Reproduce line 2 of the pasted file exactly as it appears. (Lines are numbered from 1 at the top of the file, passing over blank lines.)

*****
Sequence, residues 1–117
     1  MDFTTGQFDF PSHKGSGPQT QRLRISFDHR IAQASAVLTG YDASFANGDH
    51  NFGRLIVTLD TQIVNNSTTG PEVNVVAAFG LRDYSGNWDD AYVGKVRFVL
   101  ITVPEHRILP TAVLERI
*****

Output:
     1  MDFTTGQFDF PSHKGSGPQT QRLRISFDHR IAQASAVLTG YDASFANGDH